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23-07-2019 | Rheumatoid arthritis | News

Low IGF1 levels predict CV risk in RA patients


medwireNews: Low levels of insulin-like growth factor (IGF)1 are associated with increased rates of cardiovascular (CV) events among women with rheumatoid arthritis (RA), researchers report.

The longitudinal study included 184 female RA patients aged an average of 52 years, who were categorized according to whether their serum IGF1 levels were below the median level of 140 ng/mL (low IGF1 group), or at or above this threshold (high IGF1 group). Median IGF1 levels in the low and high groups were 109.5 ng/mL and 182.5 ng/mL, respectively.

Malin Erlandsson (University of Gothenburg, Sweden) and colleagues found that the 10-year risk for experiencing CV events, estimated using a digital version of the Framingham algorithm, was significantly higher among patients with low versus high IGF1 levels, at rates of 7.0% versus 3.2%.

Moreover, there was a “strong negative relation” between IGF1 levels at baseline and self-reported new CV events at a telephone interview held 5 years later, with patients in the low IGF1 group having an approximately 5-fold higher CV risk than those in the low IGF group on Mantel–Cox analysis.

Erlandsson et al say that low IGF1 levels were associated with a number of traditional CV risk factors, most notably hypertension. They stress that there was a “remarkable increase” in the use of treatment for hypertension between baseline and the 5-year follow-up among patients with low IGF1 levels, but not among those in the high IGF1 group.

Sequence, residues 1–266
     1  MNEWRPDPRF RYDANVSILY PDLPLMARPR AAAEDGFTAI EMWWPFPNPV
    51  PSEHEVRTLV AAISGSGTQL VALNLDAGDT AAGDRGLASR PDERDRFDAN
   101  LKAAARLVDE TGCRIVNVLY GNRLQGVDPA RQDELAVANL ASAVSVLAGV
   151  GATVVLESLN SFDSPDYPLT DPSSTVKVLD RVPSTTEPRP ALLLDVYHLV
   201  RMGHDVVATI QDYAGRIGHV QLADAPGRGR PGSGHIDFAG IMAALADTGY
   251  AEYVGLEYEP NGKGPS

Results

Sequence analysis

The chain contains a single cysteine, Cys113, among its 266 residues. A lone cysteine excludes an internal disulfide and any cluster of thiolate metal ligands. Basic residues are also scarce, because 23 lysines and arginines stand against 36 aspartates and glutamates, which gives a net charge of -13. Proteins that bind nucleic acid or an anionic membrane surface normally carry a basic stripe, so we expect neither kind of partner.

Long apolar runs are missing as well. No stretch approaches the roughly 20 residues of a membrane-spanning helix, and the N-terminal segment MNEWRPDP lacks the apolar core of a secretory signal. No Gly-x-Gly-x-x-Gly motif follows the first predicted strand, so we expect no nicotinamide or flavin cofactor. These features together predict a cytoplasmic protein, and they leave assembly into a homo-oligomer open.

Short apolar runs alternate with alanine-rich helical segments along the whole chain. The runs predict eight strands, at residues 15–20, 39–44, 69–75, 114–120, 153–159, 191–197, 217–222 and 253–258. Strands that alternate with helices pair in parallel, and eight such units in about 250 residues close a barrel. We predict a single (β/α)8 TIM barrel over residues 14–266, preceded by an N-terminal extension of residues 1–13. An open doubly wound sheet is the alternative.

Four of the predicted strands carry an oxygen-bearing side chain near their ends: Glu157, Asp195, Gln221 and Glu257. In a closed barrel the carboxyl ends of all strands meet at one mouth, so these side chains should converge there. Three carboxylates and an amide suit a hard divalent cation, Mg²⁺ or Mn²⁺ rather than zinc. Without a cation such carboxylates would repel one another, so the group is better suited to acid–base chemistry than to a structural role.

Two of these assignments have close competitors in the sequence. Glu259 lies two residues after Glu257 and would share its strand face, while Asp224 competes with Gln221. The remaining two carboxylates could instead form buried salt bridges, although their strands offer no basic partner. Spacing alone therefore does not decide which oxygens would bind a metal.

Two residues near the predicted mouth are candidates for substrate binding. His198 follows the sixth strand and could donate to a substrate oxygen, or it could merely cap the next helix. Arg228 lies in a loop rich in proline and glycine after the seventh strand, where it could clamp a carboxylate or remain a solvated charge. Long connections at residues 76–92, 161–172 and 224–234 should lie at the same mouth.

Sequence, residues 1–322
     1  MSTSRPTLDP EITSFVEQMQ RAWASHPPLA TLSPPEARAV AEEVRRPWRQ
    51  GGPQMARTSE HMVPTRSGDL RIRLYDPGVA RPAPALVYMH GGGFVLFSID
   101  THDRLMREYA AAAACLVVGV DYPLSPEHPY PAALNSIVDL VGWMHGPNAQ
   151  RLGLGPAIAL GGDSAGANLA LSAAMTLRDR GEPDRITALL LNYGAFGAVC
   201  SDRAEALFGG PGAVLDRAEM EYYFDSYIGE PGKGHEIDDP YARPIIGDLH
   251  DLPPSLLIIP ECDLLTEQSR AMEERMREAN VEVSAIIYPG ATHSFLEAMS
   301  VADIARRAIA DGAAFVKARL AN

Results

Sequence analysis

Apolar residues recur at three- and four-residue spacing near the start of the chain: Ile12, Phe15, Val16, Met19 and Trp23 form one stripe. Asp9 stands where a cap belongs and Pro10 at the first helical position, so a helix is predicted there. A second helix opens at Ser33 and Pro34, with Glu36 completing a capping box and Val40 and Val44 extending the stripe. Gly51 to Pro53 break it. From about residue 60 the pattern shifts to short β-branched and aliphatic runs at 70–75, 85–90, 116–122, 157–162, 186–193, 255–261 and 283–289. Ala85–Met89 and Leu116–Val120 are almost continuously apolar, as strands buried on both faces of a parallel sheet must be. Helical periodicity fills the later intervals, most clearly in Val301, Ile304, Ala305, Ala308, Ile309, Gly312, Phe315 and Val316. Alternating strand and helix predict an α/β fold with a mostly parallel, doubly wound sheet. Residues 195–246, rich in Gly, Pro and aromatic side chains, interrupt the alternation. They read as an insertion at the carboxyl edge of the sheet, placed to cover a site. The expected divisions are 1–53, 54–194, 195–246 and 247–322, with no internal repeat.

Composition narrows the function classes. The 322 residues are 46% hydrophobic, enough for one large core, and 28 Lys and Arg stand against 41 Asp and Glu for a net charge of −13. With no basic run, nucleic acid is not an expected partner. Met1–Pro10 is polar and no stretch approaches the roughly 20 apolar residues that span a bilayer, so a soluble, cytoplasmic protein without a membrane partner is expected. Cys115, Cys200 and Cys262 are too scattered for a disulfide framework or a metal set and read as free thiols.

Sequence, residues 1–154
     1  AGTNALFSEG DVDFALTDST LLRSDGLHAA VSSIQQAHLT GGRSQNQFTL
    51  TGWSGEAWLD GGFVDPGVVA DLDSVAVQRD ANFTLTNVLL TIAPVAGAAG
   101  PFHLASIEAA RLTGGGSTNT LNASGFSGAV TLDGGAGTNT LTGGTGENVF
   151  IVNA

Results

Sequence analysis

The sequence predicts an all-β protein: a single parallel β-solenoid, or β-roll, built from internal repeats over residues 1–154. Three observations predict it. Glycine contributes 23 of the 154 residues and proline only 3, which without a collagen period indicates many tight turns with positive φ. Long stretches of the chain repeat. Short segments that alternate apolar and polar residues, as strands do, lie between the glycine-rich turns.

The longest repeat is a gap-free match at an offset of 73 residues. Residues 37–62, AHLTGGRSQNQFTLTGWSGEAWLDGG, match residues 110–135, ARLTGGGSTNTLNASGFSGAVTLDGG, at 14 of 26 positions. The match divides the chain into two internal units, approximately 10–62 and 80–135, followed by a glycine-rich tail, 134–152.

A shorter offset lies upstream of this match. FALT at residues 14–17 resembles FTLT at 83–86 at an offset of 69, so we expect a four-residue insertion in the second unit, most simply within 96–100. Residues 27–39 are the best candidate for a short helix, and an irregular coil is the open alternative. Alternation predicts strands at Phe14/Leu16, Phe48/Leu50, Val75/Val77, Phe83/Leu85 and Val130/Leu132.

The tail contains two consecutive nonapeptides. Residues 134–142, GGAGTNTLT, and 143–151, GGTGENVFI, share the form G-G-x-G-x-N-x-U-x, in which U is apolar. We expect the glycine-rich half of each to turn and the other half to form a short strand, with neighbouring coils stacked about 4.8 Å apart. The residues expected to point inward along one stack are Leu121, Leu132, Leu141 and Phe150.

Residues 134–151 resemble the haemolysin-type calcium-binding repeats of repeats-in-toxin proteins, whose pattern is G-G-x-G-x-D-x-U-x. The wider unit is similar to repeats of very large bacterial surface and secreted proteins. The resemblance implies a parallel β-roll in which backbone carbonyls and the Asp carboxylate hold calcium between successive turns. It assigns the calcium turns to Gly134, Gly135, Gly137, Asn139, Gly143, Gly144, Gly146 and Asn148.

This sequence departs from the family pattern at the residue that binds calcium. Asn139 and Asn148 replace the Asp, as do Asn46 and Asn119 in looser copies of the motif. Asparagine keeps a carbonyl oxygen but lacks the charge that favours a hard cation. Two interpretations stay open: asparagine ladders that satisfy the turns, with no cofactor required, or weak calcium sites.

Taken together with previous evidence supporting “a direct causality between low IGF1 and hypertension,” these findings suggest that “[l]ow serum IGF1 precedes and predicts the development of early CV [disease] events due to a tight connection with hypertension, which is important for future management of RA patients,” write the researchers in BMC Medicine.

They also note that the IGF1-associated increase in CV risk was “most noticeable” in women aged less than 50 years, indicating that “vascular effects related to IGF1 may precede severe atherosclerotic change in the vessel wall and predispose to its early development.”

While this is “the largest study of the relation between IGF1 levels and cardiovascular morbidity in RA,” the study authors caution that their findings may not be generalizable to male RA patients.

Discussing the practical implications of their study, they say that physical inactivity “is frequently associated with lower serum IGF1,” and lifestyle interventions to increase physical activity and increase IGF1 levels “could be an attractive [option] for RA patients.”

By Claire Barnard

medwireNews is an independent medical news service provided by Springer Healthcare. © 2019 Springer Healthcare part of the Springer Nature group

BMC Med 2019; 17: 141

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